Saves is a very fickle category in today’s game, which is why I like to wait to grab some of the second and third-tier closers later in drafts, especially in dynasty drafts. LeClerc was dominant in 2018 and anything but that in 2019, but ultimately ended the year as the closer for Texas. He looks like he will begin the year as the closer for the improved Rangers again, but he will have to keep the walks down and the ball in the park to sniff his 2018 form. If he can get back to the point he is not only an excellent source of saves, but strikeouts, ERA and WHIP as well.
Round 25 (Pick 387) Joe Jimenez, RP, DET
Stuck behind Shane Greene for the closer job in Detroit, Jimenez failed to truly take hold of the job once Greene was traded to Atlanta. The power righty gets a lot of swings and misses, but he also loses command at times and can get hit hard. He looks like he will be starting the year as the closer in Detroit and if Jimenez can get off to a good start, he should be a solid source of saves in 2020.
Round 26 (Pick 414) Yusei Kikuchi, SP, SEA
Despite the massively disappointing debut season for Yusei Kikuchi, but I was still a little surprised nobody took a chance on him until now. With all the hype surrounding the 28 year old going into last season, a 5.46 ERA and 1.52 WHIP was certainly not what Seattle fans were hoping for. There is very little statistic-wise that says Kikuchi will improve substantially in 2020, however he is an intelligent pitcher who had to adjust to difficult changes last season both athletically and culturally. Perhaps an extra year to get acclimated to baseball in the U.S. will inspire a more effective season from Kikuchi in Seattle.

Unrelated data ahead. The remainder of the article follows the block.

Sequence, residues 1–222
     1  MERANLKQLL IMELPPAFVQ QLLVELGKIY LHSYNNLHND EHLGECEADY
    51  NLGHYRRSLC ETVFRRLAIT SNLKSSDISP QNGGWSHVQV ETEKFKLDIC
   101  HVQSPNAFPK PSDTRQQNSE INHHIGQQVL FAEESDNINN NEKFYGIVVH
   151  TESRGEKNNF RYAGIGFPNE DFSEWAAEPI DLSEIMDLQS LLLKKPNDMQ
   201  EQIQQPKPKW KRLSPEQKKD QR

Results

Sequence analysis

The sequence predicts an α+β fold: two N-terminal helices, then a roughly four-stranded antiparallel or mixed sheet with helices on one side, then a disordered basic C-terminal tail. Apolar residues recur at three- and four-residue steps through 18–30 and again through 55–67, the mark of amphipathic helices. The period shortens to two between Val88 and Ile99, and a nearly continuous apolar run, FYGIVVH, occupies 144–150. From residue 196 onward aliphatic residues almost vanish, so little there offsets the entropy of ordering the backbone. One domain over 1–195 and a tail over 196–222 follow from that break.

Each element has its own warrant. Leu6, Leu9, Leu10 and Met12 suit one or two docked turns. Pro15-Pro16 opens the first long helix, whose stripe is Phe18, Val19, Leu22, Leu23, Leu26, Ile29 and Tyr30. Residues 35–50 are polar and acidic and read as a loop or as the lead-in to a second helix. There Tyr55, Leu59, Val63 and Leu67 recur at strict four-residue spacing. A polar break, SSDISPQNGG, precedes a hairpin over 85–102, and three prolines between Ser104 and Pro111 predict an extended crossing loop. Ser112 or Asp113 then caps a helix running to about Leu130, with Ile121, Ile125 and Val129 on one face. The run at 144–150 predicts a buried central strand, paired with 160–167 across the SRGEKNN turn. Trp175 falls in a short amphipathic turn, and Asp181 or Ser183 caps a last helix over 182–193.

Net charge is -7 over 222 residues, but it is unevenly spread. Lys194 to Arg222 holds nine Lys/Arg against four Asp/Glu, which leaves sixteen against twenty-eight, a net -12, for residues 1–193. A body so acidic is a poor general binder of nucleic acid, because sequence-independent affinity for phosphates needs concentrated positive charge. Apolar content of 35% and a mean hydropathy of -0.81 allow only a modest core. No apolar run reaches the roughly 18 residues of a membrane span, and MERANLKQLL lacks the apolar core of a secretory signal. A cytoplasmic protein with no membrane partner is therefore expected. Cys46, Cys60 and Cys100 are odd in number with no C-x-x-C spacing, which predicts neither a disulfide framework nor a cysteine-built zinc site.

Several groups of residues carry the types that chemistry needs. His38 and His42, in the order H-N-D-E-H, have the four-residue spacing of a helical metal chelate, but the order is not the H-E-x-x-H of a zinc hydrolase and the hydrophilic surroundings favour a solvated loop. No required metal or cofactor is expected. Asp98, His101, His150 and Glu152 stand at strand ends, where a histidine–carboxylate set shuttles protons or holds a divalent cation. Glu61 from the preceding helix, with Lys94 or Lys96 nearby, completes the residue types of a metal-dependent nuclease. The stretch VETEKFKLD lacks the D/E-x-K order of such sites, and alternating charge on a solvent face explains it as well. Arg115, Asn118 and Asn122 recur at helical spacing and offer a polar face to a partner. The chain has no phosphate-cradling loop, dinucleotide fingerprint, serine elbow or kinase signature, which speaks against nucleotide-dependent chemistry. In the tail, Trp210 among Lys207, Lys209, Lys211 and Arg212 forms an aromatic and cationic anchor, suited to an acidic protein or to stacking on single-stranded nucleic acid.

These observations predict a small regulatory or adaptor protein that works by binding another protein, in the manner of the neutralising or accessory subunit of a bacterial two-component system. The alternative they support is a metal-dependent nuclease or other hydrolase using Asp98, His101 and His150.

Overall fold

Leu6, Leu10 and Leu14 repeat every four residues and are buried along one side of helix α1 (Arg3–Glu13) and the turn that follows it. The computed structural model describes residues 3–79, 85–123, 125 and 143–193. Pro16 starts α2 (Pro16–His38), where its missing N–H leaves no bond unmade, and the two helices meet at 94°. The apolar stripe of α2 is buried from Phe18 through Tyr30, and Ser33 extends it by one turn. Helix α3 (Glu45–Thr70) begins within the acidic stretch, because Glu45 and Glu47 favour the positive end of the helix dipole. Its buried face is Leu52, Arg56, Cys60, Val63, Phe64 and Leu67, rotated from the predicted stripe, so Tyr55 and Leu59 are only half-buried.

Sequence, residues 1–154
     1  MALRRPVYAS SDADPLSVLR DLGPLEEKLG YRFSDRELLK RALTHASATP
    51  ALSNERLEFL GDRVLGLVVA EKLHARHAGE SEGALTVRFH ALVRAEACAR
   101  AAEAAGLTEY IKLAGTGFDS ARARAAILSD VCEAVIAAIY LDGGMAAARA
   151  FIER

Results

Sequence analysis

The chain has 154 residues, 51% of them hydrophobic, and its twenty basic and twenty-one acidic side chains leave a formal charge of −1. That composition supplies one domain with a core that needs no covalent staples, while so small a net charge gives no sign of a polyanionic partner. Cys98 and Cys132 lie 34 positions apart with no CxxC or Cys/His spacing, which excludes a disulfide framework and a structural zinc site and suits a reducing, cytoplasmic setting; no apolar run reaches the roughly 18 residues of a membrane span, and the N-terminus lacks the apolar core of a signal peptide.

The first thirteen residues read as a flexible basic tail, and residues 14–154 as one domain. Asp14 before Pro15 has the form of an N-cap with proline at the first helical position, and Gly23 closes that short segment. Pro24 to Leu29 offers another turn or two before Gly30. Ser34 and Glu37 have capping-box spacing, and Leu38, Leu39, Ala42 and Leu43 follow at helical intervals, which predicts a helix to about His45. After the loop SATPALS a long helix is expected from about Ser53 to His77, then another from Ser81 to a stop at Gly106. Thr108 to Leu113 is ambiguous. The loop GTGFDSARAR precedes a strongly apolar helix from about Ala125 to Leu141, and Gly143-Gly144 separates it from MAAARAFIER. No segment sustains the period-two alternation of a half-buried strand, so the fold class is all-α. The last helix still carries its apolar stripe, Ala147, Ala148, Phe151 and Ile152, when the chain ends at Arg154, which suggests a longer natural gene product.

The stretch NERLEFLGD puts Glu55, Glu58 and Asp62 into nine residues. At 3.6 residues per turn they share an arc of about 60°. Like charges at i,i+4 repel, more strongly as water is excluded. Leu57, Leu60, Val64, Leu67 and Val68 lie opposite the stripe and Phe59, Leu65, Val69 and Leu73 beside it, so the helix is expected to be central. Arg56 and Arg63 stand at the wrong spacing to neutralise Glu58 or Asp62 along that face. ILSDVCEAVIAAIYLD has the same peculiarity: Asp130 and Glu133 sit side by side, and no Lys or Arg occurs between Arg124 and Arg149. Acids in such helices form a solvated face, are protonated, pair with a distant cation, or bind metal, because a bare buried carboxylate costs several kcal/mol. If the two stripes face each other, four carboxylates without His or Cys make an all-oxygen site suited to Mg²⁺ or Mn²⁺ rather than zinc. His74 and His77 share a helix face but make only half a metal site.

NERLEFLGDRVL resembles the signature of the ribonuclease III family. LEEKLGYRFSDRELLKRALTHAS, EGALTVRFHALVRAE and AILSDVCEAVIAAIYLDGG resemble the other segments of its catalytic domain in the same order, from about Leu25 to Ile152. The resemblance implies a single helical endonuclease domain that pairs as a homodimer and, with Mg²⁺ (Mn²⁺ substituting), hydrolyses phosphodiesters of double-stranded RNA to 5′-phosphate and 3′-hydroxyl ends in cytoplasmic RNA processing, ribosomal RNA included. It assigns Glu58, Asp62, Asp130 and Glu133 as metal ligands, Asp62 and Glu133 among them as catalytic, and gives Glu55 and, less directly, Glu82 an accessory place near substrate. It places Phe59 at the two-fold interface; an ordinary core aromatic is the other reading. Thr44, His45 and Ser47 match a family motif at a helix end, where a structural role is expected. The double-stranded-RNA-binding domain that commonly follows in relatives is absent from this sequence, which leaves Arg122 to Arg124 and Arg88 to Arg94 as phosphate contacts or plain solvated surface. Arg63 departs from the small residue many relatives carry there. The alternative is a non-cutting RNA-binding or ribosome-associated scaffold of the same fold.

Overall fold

Round 27 (Pick 419) Keone Kela, RP, PIT
With the arrest of He-Who-Must-Not-Be-Named, Keone Kela looks like the best option to be the Pirates closer in 2020. The 26 year old previously had great success in this role for Texas in 2018. He still possesses his devastating fastball-curveball combo and should be injury-free heading into the season. It is highly likely that Kela will be traded by Pittsburgh at some point in 2020, especially if he locks down the 9th inning role, but hopefully he can rack up the saves for the Bucs before that happens.